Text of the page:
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State's English standards get 'good' rating in national review 

Fourth- and fifth-graders at the Davison Avenue School

Fourth- and fifth-graders at the Davison Avenue School in Malverne take the state English Language Arts test on April 12. Credit: Jeff Bachner

New York State's academic standards for English Language Arts continue to set relatively high goals for students after revisions last year that included jettisoning the Common Core label, a new national review concludes.

The reviewers faulted New York, however, for failing to pair its standards with specific lists of high-quality literary works, such as Shakespearean dramas. Such lists could help teachers select appropriate readings for students, the report said. 

The state's English benchmarks, which cover instruction from preschool through 12th grade, got a quality rating of "good" from a review team assembled by the Thomas B. Fordham Institute, a Washington, D.C., think tank. The group's 156-page report was released early Wednesday.

New York was among seven states, including Indiana and Pennsylvania, that received "good" ratings. Indiana scored highest in that group. Seven other states, including Texas, Missouri and Virginia, got lower marks of "weak" or "inadequate."

All of the 14 states selected for a thorough review of English standards had made substantial changes in their Common Core academic guidelines over the past six years. The reviewers were curriculum experts, selected from university faculties across the country.

"They didn't get the highest rating. There were certainly states that had higher standards, but they weren't the worst," said Amber Northern, the institute's senior vice president for research, in reference to New York's standing. "It wasn't a train wreck what they did here, but they took out some pretty important things."

Jonathan Burman, a spokesman for the state Education Department, said the agency was reviewing the report and declined to comment on specific findings.

National Common Core academic standards were adopted by New York and 44 other states shortly after their approval by the National Governors Association in 2010. 

One feature of the guidelines was an accompanying list of "exemplars" — dozens of fiction and nonfiction works, poems, historical documents and other readings that academic experts considered challenging for students on specific grade levels. Selections ranged from Dr. Seuss' "Green Eggs and Ham" beginner children's book in kindergarten to Ernest Hemingway's novel "A Farewell to Arms" in 11th grade.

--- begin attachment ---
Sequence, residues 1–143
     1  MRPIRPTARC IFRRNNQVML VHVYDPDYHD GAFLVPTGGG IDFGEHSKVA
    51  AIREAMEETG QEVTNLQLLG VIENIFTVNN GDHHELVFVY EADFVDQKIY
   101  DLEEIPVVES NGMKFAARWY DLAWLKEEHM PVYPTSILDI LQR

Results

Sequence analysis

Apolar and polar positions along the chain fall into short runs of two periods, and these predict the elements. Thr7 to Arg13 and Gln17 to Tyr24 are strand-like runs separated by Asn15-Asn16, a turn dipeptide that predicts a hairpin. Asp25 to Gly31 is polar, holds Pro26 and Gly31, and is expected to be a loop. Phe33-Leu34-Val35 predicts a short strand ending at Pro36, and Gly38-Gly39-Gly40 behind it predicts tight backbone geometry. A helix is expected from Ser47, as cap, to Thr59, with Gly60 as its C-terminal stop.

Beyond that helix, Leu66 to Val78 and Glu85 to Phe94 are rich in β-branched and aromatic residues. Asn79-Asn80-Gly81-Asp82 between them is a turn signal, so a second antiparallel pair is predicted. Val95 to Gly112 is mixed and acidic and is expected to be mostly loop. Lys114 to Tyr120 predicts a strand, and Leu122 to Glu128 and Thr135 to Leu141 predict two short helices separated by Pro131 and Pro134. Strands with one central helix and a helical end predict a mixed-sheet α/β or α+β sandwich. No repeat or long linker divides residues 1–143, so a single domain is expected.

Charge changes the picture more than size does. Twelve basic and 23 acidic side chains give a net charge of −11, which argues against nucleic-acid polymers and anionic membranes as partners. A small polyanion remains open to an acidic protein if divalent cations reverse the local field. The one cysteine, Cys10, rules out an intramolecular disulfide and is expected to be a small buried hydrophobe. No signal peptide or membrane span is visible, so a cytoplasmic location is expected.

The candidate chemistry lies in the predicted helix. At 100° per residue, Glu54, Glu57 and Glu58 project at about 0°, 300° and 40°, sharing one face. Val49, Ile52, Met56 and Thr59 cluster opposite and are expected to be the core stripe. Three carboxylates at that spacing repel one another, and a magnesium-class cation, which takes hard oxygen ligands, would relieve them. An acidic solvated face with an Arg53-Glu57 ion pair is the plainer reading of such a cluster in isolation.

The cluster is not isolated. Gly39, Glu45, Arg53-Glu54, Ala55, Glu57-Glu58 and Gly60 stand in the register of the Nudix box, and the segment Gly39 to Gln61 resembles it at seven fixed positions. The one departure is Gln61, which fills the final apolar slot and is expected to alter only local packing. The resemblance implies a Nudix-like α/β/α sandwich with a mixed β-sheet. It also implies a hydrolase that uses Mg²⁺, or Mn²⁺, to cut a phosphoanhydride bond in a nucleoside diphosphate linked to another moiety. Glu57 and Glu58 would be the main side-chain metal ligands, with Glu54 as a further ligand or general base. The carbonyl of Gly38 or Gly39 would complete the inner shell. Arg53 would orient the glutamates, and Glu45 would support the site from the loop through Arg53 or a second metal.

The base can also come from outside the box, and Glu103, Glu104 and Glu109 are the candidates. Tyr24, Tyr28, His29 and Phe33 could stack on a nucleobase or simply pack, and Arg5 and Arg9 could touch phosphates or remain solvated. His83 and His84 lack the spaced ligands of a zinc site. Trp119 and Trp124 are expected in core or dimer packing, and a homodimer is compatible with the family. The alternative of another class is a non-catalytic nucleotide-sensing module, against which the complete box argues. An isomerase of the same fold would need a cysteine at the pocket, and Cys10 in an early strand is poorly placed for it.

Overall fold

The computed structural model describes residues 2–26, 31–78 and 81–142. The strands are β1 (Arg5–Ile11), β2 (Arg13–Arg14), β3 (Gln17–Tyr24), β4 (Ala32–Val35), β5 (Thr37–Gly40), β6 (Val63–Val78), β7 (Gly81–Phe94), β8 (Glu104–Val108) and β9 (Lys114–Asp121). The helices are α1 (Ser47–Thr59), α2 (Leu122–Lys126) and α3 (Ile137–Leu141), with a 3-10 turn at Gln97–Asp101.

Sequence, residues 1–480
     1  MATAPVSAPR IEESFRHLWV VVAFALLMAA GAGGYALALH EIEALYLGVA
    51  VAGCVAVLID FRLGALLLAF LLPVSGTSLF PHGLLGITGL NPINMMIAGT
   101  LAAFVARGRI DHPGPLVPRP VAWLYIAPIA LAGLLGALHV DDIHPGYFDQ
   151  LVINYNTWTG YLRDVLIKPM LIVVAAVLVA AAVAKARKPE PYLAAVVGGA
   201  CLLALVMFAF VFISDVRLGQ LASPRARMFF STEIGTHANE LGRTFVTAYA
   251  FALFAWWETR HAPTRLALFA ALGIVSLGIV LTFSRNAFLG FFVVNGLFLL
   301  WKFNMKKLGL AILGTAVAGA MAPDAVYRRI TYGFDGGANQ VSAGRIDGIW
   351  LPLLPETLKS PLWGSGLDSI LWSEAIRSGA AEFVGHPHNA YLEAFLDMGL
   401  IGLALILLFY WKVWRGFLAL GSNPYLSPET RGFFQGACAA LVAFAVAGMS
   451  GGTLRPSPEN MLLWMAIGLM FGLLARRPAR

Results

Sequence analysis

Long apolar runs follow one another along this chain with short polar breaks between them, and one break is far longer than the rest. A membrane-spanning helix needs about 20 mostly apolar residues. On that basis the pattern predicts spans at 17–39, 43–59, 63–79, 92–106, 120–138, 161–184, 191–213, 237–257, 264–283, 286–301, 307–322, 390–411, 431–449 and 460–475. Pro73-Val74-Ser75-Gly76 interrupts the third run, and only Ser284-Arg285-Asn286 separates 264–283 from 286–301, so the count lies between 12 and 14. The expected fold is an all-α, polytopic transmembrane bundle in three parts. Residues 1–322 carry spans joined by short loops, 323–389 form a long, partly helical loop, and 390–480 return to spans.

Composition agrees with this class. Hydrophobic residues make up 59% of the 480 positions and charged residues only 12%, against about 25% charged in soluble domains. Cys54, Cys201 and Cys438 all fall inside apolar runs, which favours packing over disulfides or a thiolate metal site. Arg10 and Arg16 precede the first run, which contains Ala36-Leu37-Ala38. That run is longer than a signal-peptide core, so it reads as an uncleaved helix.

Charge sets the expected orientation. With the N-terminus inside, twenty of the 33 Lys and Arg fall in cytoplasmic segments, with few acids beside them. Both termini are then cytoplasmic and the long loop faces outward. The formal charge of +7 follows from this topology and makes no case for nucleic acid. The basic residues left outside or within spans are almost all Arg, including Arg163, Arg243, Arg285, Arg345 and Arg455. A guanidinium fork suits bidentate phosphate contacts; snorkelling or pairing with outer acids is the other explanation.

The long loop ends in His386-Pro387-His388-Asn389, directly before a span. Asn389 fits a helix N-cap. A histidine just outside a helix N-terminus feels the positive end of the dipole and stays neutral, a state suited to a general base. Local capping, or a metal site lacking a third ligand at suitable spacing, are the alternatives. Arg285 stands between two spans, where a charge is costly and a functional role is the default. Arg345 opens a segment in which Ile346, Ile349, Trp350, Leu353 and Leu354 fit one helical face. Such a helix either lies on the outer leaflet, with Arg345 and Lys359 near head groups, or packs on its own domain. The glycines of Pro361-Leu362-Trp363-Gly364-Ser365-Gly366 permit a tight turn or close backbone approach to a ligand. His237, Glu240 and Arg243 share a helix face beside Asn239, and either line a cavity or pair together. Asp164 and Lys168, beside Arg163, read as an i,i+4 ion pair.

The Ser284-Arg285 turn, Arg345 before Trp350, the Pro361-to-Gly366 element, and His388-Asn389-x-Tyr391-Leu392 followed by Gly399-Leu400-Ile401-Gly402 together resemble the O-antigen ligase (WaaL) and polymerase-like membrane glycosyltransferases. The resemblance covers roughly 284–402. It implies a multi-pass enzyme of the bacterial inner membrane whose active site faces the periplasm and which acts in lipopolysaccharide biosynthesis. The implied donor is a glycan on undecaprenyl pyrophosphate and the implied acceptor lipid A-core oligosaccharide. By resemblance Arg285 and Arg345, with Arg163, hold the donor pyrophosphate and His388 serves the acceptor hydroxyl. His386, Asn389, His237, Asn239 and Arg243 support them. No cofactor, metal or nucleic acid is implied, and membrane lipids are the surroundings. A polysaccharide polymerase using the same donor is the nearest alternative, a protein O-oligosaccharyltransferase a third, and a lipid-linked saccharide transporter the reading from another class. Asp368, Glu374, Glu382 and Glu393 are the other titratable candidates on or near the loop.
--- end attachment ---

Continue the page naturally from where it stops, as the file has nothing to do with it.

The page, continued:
The Fordham Institute analysts sought to determine what had happened to those benchmarks and exemplars over the past five or six years, in the aftermath of widespread revolts by teachers, parents and students against standardized tests that were tied to the Common Core standards. The upheaval hit hardest on Long Island, where tens of thousands of students boycotted state exams in English and math each year. 

Many parents protested that vocabulary used in the standards and tests was too difficult, and that tying test results to teachers' job evaluations put too much pressure on students and teachers alike.

In response, New York's Board of Regents last September approved amended sets of standards in both ELA and math, renamed Next Generation Learning Standards. The Regents said at the time that the guidelines remained rigorous. Earlier, the board had placed a four-year moratorium on linking teacher ratings to student test scores.

The institute's analysts, in Wednesday's report, agreed that the state's English benchmarks were clear and well-written overall, and that they lay out a framework of learning requirements "that will support many students' college and career aspirations." The analysts decided that state math standards had not been changed enough to warrant review. 

At the same time, reviewers deplored the lack of any specific guidance on appropriate English reading material — guidance that had been provided in the Common Core exemplar lists, now discarded. 

The report, titled "The State of State Standards Post-Common Core," concludes that some language in New York's standards "could be interpreted to mean that students do not need to read grade-level texts."

Funding for the project included a grant from the foundation of software billionaire Bill Gates, a major supporter of Common Core. 

Long Island educators voiced mixed feelings about the usefulness of recommended reading lists.

Vincent Cereola, the English department chairman at Ward Melville High School in Setauket, said exemplars could be appropriate under some circumstances, but that teachers need to be given discretion in choosing reading material for individual students. 

"We want to have foundational texts that struggling readers will find engaging, that will give them some success, so they hopefully have the confidence to move to higher levels of literacy," Cereola said. 

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